Sally G. McMillen, the Mary Reynolds Babcock Professor of History at Davidson College, earned her Ph.D. from Duke University. Previous publications include MOTHERHOOD IN THE OLD SOUTH (1990), SOUTHERN WOMEN: BLACK AND WHITE IN THE OLD SOUTH (1991), TO RAISE UP THE SOUTH: SUNDAY SCHOOLS IN BLACK AND WHITE CHURCHES, 1865-1915 (2001), SENECA FALLS AND THE ORIGINS OF THE WOMEN'S RIGHTS MOVEMENT (2008) as well as several articles in the Journal of Southern History and the Journal of the History of Medicine and Allied Sciences. She is currently working on a biography of Lucy Stone.
Elizabeth Hayes Turner, professor of history at the University of North Texas, earned her Ph.D. from Rice University. She is the author of WOMEN, CULTURE, AND COMMUNITY: RELIGION AND REFORM IN GALVESTON, 1880-1920 (1997); WOMEN AND GENDER IN THE NEW SOUTH, 1865-1945 (2009); co-author of GALVESTON AND THE 1900 STORM: CATASTROPHE AND CATALYST (2000); and co-editor of five books, including LONE STAR PASTS: MEMORY AND HISTORY IN TEXAS (2005). She is the author of several articles in edited anthologies and the Southern Literary Journal and is currently completing a book JUNETEENTH: THE EVOLUTION OF AN EMANCIPATION CELEBRATION.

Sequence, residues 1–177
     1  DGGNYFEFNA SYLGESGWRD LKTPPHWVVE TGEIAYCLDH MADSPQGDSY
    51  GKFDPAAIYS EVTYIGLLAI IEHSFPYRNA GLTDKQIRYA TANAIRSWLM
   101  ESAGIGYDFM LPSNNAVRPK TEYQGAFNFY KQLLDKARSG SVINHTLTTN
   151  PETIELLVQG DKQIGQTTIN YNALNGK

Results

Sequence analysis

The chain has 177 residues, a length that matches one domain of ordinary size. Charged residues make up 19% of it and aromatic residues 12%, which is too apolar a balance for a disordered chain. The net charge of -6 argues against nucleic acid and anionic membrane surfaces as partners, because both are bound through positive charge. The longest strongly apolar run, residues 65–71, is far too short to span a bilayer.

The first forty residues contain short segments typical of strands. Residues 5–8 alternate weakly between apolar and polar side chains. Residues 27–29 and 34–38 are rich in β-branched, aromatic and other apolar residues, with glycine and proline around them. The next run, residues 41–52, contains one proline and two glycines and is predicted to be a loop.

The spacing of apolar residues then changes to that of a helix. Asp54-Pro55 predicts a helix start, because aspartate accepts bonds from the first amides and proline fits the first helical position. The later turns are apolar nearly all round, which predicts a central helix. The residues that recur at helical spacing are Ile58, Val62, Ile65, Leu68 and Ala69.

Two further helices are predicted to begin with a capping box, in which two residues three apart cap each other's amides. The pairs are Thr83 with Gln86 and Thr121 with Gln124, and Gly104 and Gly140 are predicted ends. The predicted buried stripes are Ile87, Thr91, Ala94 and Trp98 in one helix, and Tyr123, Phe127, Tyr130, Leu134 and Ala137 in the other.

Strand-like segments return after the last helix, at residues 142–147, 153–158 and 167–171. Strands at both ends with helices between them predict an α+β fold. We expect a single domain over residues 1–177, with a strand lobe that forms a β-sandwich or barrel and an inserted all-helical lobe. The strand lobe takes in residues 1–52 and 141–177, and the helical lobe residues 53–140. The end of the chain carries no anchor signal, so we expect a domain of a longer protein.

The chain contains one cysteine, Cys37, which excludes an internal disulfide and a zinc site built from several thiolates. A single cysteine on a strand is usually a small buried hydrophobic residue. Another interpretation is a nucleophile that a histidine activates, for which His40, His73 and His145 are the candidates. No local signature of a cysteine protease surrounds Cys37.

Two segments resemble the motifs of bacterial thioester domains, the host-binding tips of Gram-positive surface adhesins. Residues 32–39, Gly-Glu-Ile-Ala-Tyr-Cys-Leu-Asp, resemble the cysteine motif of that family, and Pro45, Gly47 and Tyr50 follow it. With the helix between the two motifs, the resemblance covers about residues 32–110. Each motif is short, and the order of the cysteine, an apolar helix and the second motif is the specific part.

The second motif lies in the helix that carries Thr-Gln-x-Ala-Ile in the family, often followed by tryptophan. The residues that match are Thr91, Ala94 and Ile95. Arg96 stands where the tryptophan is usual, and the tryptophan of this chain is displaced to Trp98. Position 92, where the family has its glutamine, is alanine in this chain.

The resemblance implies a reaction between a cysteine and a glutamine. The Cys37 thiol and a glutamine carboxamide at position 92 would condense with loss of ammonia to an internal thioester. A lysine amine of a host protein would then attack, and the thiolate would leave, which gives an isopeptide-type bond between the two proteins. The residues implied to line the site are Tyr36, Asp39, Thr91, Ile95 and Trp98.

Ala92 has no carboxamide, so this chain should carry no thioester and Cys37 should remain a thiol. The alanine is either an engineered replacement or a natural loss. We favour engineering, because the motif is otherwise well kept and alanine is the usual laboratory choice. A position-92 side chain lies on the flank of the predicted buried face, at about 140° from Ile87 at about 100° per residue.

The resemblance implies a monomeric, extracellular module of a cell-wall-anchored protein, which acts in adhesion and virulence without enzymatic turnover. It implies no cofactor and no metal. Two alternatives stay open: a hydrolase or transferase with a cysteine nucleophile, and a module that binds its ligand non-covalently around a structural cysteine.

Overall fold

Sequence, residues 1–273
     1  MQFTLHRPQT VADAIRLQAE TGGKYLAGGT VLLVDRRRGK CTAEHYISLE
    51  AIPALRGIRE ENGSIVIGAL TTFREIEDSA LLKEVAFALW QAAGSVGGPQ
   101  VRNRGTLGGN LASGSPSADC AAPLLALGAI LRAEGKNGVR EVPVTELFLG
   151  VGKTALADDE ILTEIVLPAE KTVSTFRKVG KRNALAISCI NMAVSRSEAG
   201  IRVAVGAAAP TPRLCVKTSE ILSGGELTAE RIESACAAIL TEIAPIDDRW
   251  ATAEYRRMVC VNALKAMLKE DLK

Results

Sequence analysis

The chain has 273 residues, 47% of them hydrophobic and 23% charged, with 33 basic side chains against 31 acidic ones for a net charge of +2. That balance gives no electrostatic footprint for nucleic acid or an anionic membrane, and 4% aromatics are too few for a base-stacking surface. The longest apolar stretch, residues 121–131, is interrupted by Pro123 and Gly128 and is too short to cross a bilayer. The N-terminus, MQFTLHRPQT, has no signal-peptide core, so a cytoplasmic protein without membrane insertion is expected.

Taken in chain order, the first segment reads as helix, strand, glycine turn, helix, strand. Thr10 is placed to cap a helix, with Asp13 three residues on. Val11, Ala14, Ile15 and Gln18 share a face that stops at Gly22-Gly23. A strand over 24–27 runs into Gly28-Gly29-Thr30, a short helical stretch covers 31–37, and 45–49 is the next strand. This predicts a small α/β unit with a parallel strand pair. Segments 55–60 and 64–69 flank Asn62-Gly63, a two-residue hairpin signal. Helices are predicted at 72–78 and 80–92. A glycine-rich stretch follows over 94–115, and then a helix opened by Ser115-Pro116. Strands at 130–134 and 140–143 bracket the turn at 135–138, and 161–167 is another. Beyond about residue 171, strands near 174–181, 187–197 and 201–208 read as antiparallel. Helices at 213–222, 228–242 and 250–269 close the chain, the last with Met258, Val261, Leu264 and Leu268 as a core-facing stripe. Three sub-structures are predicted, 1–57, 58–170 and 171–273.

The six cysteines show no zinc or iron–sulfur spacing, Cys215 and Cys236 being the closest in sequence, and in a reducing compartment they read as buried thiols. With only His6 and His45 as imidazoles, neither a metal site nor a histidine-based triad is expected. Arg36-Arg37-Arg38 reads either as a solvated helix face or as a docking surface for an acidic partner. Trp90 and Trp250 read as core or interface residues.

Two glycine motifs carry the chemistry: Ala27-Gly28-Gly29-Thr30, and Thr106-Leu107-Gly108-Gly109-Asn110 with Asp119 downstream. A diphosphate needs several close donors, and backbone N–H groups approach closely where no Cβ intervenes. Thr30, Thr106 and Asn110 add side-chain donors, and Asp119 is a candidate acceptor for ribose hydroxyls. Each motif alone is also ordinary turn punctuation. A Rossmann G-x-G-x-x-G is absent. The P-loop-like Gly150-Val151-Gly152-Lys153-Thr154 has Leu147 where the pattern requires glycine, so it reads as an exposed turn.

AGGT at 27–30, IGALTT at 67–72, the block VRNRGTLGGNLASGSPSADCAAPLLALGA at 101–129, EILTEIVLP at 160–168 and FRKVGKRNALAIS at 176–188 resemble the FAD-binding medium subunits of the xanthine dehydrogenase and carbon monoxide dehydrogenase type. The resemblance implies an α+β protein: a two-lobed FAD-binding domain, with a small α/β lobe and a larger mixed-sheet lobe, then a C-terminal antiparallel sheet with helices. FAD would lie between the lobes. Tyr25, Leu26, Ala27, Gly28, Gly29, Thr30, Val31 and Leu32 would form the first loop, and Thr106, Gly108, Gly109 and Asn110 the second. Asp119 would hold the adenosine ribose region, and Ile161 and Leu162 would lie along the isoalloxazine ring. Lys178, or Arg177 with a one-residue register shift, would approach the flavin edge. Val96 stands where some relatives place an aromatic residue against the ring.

Paul Escott is Reynolds Professor of History at Wake Forest University. His academic degrees are from Harvard College and Duke University. Among his books are AFTER SECESSION: JEFFERSON DAVIS AND THE FAILURE OF CONFEDERATE NATIONALISM, SLAVERY REMEMBERED: A RECORD OF TWENTIETH-CENTURY SLAVE NARRATIVES, MANY EXCELLENT PEOPLE: POWER AND PRIVILEGE IN NORTH CAROLINA, 1850-1900, MILITARY NECESSITY: CIVIL-MILITARY RELATIONS IN THE CONFEDERACY, "WHAT SHALL WE DO WITH THE NEGRO?": LINCOLN, WHITE RACISM, AND CIVIL WAR AMERICA, and THE CONFEDERACY: THE SLAVEHOLDERS' FAILED VENTURE.
David Goldfield is the Robert Lee Bailey Professor of History at the University of North Carolina, Charlotte. A native of Memphis, he grew up in Brooklyn, New York, and attended the University of Maryland. He is the author or editor of fifteen books mostly dealing with the history of the American South, two of which received the Mayflower Award for Non-Fiction. His most recent book is AMERICA AFLAME: HOW THE CIVIL WAR CREATED A NATION (Bloomsbury Press, 2011).